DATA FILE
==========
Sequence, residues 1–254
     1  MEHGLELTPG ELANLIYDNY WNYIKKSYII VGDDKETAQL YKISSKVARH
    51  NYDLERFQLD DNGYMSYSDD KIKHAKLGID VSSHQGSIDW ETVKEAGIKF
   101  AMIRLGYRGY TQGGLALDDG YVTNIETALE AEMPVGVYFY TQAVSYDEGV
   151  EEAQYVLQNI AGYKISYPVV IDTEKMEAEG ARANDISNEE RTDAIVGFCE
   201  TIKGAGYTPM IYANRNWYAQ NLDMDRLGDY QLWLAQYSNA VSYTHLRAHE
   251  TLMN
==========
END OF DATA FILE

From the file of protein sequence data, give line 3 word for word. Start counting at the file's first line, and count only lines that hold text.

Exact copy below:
    51  NYDLERFQLD DNGYMSYSDD KIKHAKLGID VSSHQGSIDW ETVKEAGIKF